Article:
Review: As You Like It @ The National ***

Well I didn’t really like it all that much.

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Patsy Ferran as Celia, & Rosalie Craig as Rosalind. Image by Johan Persson

Going into the play, the best things I’d heard about it were this: ‘well the set is amazing’, ‘I liked what they did with the set’, ‘the set it really clever’. And that’s the thing: it all just felt far too ‘clever’ an interpretation, obscuring the text at points. To put it another way, when an audience leaves your production only talking about the set and what’s happening on it, kudos to your set designer. Less kudos to the actors. Not to say there’s anything wrong on the acting front, it just feels as if they are saying the lines rather than giving them justice.

As You Like It is being staged in the Olivier theatre, a space where you always know (or hope) that something impressive will be made of the set. And the production doesn’t disappoint in this respect. The forest scenes are a spectacle to behold: a rather sterile office environment is literally raised up from its roots, as desks and chairs hang from the ceiling, becoming trees. Cast members then sit on stage, a part of the set itself, providing background noises such as birds and a rather annoying bee! They even become sheep at one point, which yields some of the biggest laughs of the night.

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Paul Chahidi as Jacques. Photo by Johan Persson.

Which is where we run into the first issue. When an added scene gets more laughs than the text itself, it suggests two things: 1) you’re not doing the text justice, and 2) you don’t have faith in the text itself. Sure, while seeing cast members act as sheep for a good 10 minutes was funny. But it wasn’t absolutely necessary. If you got rid of that element, you would cut half the laughs the production got right there. I’m all for adding or adapting scenes to yield new readings. But combined with the rather lackadaisical approach to the language it came across as if there was no faith in the original text, adorning it with flashy sets, ‘comedic’ additions and dances.

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Leo Wringer as Duke Frederick (centre), plus the company of As You Like It. Image by Johan Persson.

As I said, it just all felt too clever at points. The transition from the first set to the second was visually impressive, but the first office set felt a bit odd. As if they came up with the idea of building a forest out of desks first, then how to transition from an office to this came as as an after thought. While I like the idea of the office contrasting with the forest, it was rather over complicated, with the office a less than smooth metaphor for a court and raising a number of questions. Why were there tiny trees on the desk? Have they destroyed nature so much that it’s a wasteland only accessible by the emergency exit? If so, where do they all sleep? In the office block? And why does wrestling happen here and not in the staff room? Is there a staff room? What’s with the colour coding of uniforms? Why do they look like Star Trek? Is it set in the future? Then why are the costumes in the second half so modern day? And how are these people surviving in the forest if this office utilitarian lifestyle is in effect? Don’t get me wrong, I liked the forest set and how this production emphasised its hostility, an element less touched on by other productions. The first set just seemed stylistically confused in comparison.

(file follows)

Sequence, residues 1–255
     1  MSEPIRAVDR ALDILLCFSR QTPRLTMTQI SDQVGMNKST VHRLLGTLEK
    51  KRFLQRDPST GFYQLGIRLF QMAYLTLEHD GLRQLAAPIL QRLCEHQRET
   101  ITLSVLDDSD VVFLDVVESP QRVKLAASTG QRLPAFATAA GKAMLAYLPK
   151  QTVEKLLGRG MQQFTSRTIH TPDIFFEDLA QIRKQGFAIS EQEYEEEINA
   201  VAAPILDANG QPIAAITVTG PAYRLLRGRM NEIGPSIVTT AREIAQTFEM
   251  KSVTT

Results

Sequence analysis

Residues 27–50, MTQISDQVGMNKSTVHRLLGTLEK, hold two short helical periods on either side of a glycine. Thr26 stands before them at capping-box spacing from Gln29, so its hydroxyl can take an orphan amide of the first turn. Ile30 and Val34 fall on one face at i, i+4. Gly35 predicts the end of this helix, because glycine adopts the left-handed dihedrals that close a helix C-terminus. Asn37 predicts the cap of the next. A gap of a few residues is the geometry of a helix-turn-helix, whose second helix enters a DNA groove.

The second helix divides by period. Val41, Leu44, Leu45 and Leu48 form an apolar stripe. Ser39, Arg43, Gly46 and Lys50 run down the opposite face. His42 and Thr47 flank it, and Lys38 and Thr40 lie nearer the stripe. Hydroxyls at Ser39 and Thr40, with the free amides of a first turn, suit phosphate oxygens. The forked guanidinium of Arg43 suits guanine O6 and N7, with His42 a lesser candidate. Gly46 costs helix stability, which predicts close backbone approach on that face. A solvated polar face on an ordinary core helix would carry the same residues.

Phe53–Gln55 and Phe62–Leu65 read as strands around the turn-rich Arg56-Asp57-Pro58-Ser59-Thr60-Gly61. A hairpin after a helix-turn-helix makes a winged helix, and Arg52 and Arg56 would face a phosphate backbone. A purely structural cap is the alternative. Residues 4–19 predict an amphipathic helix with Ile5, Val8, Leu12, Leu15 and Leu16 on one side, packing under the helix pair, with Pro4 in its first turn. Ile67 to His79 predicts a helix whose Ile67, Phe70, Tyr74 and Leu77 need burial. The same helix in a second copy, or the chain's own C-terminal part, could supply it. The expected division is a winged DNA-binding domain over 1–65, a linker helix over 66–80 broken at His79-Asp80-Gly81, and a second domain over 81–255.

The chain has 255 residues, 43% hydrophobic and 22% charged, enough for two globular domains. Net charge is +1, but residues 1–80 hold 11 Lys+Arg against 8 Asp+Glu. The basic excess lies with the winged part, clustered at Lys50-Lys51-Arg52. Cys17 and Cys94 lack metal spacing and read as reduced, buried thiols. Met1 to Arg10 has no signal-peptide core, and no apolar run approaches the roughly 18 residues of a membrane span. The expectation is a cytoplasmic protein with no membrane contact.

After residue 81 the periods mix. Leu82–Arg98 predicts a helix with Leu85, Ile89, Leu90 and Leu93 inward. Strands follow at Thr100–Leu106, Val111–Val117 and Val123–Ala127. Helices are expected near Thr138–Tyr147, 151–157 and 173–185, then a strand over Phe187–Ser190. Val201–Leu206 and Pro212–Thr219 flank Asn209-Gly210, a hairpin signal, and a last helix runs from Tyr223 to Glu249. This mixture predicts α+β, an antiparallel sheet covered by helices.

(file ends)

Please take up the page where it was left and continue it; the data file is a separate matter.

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Rosalie Craig as Rosalind, and Joe Bannister as Orlando. Photo by Johan Persson

The acting is solid on the whole, making use of an impressive ensemble cast which create a vibrant soundscape. Paul Chahidi’s Jacques is the stand out performance in this for me. His take on ‘All the world’s a stage’ was so innovative: half cynical, half depressingly sincere. His scenes were a delight to watch as Chahidi brought a side to the character downplayed in other productions. Rosalie Craig is a perfectly capable Rosalind, though her scenes as Ganymede were less than convincing. Patsy Ferran offered glimmers of an interesting interpretation of Celia, with her character fading into the background as she does in the text itself during conversations between Orlando and Ganymede. She literally becomes part of the set, joining in with the nature calls. Joe Bannister captured the sweetness of Orlando bringing less the sad lover, more the joyous, giddy one. Notable mentions must go to the supporting cast who were on stage for most of the second half, in particular to Fra Fee for his beautiful singing of the songs, adapted by Orlando Gough and Marc Tritschler.

Verdict: a production which favours pomp and circumstance over language. But if you end on confetti, you’re alright(ish) in my book.

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